Artificial intelligence for the evaluation of peripheral artery disease using arterial Doppler waveforms to predict abnormal ankle-brachial index

Robert D. McBane, Dennis H. Murphree, David Liedl, Francisco Lopez-Jimenez, Itzhak Zachi Attia, Adelaide Arruda-Olson, Christopher G. Scott, Naresh Prodduturi, Steve E. Nowakowski, Thom W. Rooke, Ana I. Casanegra, Waldemar E. Wysokinski, Keith E. Swanson, Damon E. Houghton, Haraldur Bjarnason, Paul W. Wennberg

Research output: Contribution to journalArticlepeer-review


Background: Patients with peripheral artery disease (PAD) are at increased risk for major adverse limb and cardiac events including mortality. Developing screening tools capable of accurate PAD identification is a necessary first step for strategies of adverse outcome prevention. This study aimed to determine whether machine analysis of a resting Doppler waveform using deep neural networks can accurately identify patients with PAD. Methods: Consecutive patients (4/8/2015 – 12/31/2020) undergoing rest and postexercise ankle–brachial index (ABI) testing were included. Patients were randomly allocated to training, validation, and testing subsets (70%/15%/15%). Deep neural networks were trained on resting posterior tibial arterial Doppler waveforms to predict normal (> 0.9) or PAD (⩽ 0.9) using rest and postexercise ABI. A separate dataset of 151 patients who underwent testing during a period after the model had been created and validated (1/1/2021 – 3/31/2021) was used for secondary validation. Area under the receiver operating characteristic curves (AUC) were constructed to evaluate test performance. Results: Among 11,748 total patients, 3432 patients met study criteria: 1941 with PAD (mean age 69 ± 12 years) and 1491 without PAD (64 ± 14 years). The predictive model with highest performance identified PAD with an AUC 0.94 (CI = 0.92–0.96), sensitivity 0.83, specificity 0.88, accuracy 0.85, and positive predictive value (PPV) 0.90. Results were similar for the validation dataset: AUC 0.94 (CI = 0.91–0.98), sensitivity 0.91, specificity 0.85, accuracy 0.89, and PPV 0.89 (postexercise ABI comparison). Conclusion: An artificial intelligence-enabled analysis of a resting Doppler arterial waveform permits identification of PAD at a clinically relevant performance level.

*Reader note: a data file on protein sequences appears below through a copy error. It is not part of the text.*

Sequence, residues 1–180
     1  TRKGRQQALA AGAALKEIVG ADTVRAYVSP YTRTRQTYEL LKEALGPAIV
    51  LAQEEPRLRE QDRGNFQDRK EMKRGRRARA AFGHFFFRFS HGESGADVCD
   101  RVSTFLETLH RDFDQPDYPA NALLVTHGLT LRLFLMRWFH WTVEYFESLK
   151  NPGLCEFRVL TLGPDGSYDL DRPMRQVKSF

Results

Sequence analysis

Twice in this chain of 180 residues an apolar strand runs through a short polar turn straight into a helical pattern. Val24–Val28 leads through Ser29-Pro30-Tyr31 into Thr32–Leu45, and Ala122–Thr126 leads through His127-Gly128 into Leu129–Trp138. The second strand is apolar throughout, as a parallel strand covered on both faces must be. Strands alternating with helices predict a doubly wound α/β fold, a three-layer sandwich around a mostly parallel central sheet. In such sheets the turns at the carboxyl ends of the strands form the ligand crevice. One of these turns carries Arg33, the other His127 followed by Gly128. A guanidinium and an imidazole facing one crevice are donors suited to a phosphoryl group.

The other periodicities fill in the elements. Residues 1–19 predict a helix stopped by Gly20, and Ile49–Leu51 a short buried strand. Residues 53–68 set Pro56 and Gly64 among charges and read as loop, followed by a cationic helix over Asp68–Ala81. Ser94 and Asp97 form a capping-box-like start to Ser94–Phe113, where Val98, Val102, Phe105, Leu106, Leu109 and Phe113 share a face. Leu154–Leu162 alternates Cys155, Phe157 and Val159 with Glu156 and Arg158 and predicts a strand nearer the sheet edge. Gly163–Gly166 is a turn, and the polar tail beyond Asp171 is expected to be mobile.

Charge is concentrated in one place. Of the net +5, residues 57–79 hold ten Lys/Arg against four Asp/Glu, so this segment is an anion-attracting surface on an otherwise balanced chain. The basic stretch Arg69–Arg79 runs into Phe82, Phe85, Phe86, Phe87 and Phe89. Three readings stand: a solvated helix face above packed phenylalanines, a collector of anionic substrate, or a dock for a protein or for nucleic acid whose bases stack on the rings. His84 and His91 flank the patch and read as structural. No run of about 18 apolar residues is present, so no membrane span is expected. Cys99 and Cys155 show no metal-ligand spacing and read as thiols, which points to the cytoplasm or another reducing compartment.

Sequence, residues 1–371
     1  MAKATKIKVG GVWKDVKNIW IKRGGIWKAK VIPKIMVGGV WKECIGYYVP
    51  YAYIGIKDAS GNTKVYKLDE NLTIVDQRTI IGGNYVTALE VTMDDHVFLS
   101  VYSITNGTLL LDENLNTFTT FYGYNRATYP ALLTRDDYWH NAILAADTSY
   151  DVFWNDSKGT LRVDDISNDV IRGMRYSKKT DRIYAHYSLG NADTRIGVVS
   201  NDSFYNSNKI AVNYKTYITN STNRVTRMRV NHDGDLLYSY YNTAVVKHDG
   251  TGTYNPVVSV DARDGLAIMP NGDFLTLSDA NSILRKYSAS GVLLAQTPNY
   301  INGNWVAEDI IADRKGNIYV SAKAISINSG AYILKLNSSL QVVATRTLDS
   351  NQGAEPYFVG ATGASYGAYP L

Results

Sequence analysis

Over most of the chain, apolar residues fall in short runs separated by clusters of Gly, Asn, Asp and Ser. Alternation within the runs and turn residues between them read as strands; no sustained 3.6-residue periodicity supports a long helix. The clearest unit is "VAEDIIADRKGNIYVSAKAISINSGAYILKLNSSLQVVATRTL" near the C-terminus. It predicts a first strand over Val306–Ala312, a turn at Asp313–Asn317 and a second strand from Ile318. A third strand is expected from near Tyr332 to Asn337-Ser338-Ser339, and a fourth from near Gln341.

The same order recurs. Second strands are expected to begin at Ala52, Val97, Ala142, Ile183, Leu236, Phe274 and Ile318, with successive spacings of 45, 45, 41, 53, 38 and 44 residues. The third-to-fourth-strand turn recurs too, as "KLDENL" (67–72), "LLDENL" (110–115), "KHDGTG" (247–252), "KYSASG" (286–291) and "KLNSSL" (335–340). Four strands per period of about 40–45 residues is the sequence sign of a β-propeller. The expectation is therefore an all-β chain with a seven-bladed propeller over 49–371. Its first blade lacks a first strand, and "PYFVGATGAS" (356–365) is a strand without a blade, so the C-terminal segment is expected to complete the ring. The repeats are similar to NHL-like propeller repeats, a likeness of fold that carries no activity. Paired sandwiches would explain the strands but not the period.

Original languageEnglish (US)
Pages (from-to)333-342
Number of pages10
JournalVascular Medicine (United Kingdom)
Issue number4
StatePublished - Aug 2022


  • Doppler waveforms
  • ankle-brachial index (ABI)
  • artificial intelligence
  • exercise testing
  • peripheral artery disease (PAD)

ASJC Scopus subject areas

  • Cardiology and Cardiovascular Medicine


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